The prevalence of higher MS in classes DE (25.2%) compared to class AB (22.2%) and C (21.5%), although not statistically significant, shows a trend of higher prevalence in lower socioeconomic levels. Ramsay et al. observed inverse relation between social class and MS in adults, which can be explained by several factors, such as physical activity, alcohol consumption and smoking [29]. Cesarino and colleagues demonstrated in São José do Rio Preto (Brazil) that hypertensive adults belonging to working age population are mostly Caucasians and married, have low level of education and belong to the lower social classes [30]. In the present study, the prevalence of MS was 73% higher in individuals with lower educational level. In a Brazilian study, educational level was significantly associated with MS components, hyperglycemia, higher waist circumference and hypertension in women. The level of education is considered a reliable and relevant indicator of social status, especially in relation to women whose housework schedules are not always paid. The biological basis for the association with educational disparities in SM remains unclear. It has been suggested that socioeconomic status influences nutrition and sedentary habits, which are highly related to MS components [31].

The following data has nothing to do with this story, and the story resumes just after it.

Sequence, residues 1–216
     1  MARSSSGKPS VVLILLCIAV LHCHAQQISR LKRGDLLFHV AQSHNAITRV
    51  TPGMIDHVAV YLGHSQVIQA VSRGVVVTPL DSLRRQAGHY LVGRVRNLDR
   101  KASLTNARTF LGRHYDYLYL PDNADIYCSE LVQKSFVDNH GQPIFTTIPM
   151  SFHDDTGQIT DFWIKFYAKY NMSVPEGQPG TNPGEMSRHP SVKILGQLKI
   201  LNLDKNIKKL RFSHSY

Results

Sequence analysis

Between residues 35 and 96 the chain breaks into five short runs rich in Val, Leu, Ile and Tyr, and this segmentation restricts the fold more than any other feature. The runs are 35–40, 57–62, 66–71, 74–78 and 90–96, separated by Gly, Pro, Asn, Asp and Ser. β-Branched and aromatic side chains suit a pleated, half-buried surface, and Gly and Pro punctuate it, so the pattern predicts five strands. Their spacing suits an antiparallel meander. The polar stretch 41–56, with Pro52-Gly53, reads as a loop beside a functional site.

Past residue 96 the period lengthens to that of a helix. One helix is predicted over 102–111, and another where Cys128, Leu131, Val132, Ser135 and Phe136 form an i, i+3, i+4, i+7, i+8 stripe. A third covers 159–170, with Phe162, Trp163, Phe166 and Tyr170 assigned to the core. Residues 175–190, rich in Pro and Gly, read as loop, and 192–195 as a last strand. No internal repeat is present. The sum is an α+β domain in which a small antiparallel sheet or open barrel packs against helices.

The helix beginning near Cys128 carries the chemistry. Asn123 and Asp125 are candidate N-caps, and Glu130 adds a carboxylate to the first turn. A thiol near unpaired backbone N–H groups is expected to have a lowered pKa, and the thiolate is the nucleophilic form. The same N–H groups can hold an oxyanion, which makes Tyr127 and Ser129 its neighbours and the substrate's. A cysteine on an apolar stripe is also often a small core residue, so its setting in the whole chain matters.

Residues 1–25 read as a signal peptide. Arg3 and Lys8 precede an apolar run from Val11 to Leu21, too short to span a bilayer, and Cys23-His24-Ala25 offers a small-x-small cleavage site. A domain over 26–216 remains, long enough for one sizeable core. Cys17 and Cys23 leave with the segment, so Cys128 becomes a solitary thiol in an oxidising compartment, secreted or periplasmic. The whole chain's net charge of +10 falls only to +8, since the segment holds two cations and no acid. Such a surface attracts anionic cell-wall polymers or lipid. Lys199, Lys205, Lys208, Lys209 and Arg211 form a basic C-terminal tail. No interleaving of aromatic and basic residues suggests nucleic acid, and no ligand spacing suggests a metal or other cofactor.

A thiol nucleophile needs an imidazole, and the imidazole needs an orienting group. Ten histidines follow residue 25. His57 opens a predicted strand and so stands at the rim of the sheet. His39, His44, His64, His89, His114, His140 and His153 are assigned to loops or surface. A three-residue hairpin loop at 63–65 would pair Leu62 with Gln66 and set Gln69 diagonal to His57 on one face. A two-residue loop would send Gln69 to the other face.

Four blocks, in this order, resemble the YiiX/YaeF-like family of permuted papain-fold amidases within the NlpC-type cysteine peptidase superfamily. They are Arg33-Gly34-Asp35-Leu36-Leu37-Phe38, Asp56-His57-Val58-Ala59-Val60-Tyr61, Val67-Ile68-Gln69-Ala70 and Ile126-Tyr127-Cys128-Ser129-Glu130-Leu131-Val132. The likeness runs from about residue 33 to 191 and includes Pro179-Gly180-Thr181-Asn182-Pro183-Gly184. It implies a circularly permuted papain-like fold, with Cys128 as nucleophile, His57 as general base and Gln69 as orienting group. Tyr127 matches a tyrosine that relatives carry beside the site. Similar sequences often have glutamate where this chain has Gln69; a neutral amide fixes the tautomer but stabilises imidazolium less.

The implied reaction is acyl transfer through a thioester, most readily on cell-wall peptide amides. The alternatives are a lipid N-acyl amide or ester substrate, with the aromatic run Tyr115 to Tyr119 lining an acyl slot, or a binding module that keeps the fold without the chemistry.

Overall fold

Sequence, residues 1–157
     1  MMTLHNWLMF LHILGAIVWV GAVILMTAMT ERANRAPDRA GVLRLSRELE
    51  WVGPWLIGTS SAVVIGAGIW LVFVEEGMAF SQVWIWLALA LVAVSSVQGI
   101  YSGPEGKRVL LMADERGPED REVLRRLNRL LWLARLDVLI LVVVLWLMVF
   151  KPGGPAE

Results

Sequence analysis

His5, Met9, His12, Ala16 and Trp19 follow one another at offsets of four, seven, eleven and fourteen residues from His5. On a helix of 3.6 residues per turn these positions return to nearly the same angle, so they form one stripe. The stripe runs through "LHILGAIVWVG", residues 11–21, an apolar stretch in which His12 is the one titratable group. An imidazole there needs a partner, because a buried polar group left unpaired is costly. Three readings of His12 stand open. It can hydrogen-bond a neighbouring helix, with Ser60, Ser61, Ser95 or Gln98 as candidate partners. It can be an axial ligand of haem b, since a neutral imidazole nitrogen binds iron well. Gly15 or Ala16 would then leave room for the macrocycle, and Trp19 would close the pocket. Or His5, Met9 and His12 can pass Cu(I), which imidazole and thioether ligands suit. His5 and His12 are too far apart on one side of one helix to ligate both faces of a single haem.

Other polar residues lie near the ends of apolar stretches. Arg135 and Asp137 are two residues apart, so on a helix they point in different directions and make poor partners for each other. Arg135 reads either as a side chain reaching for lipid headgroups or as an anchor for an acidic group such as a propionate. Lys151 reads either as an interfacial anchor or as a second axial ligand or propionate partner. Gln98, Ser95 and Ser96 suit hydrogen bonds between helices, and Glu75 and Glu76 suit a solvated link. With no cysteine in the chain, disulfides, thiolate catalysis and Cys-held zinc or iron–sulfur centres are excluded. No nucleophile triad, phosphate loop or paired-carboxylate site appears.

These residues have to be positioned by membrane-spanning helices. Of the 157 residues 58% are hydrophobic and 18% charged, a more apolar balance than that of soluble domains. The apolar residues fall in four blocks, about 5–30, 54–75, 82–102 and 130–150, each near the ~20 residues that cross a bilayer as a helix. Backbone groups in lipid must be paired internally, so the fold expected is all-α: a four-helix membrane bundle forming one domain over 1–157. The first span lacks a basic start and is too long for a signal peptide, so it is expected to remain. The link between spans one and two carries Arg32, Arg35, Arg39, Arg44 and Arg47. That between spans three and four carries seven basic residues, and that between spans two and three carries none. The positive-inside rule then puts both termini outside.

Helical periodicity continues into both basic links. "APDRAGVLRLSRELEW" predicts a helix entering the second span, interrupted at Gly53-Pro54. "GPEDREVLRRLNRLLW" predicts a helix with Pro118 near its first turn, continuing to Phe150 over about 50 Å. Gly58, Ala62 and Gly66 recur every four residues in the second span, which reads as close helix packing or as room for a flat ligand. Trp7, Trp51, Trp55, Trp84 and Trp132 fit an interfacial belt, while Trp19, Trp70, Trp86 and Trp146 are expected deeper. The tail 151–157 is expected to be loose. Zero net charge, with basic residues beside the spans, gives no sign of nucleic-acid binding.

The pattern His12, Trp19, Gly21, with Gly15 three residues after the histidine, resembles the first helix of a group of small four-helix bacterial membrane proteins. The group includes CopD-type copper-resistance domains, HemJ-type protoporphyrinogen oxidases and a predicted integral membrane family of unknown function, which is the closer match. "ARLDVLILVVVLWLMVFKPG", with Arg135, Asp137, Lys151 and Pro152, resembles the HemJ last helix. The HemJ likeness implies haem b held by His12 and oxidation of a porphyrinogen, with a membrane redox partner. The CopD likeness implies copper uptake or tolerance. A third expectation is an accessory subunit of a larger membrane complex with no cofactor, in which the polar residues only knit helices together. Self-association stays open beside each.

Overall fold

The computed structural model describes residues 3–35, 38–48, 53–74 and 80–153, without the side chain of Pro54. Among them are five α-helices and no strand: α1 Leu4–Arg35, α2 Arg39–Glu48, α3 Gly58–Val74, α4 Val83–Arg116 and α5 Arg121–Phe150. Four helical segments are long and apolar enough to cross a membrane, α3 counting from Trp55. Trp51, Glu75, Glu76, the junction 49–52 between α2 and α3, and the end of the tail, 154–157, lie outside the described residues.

It can also be observed, in all age groups, a higher prevalence of MS in overweight and obese individuals. Prevalence of the obesity and the MS is quickly increasing in developing countries, leading to higher morbidity and mortality, according to studies realized in several populations, as shows the table 2. This table presents essential information on MS from similar studies performed in developing countries (prevalence of MS according to different criteria diagnosis, numbers of patients and age range, and comparison among diagnosis criteria of MS used in the studies) [25], [32][48]. The burden of overweight and obesity seems to be related to nutrition transition in the last decades. In Brazil, between the periods 1974/75 to 2008/09, it has been observed a reduction of underweight individuals and an increase in the rate of overweight (18.6% to 50.1% in men and 28.6 to 48.0% in women) and obesity (2.8% to 12.8% in men and 7.8 to 16.9% in women). Perhaps this can be explained by a reduction in the consumption of basic foods and increased participation of ultra processed foods in the diet used [49]. So, overweight and obesity is a natural consequence of nutrition and sedentary lifestyle. Increasing burden of obesity, MS, DM-2 and CVD in developing countries has created an urgent need to strategize health policies and mass interventions programs [50]. Thus, the determination of insulin resistance levels is of clinical importance to identifying individuals with high risk of metabolic diseases and atherosclerosis [19]. In this study, the prevalence ratio among individuals with MS/without metabolic syndrome (3.96) shows a lot higher prevalence of positive HOMA index in individuals with MS. The values of insulin resistance are predictors of cardiovascular and atherosclerotic events. Surrogate measures of insulin sensitivity such as HOMA index can be used to measure the levels of glucose and insulin [19].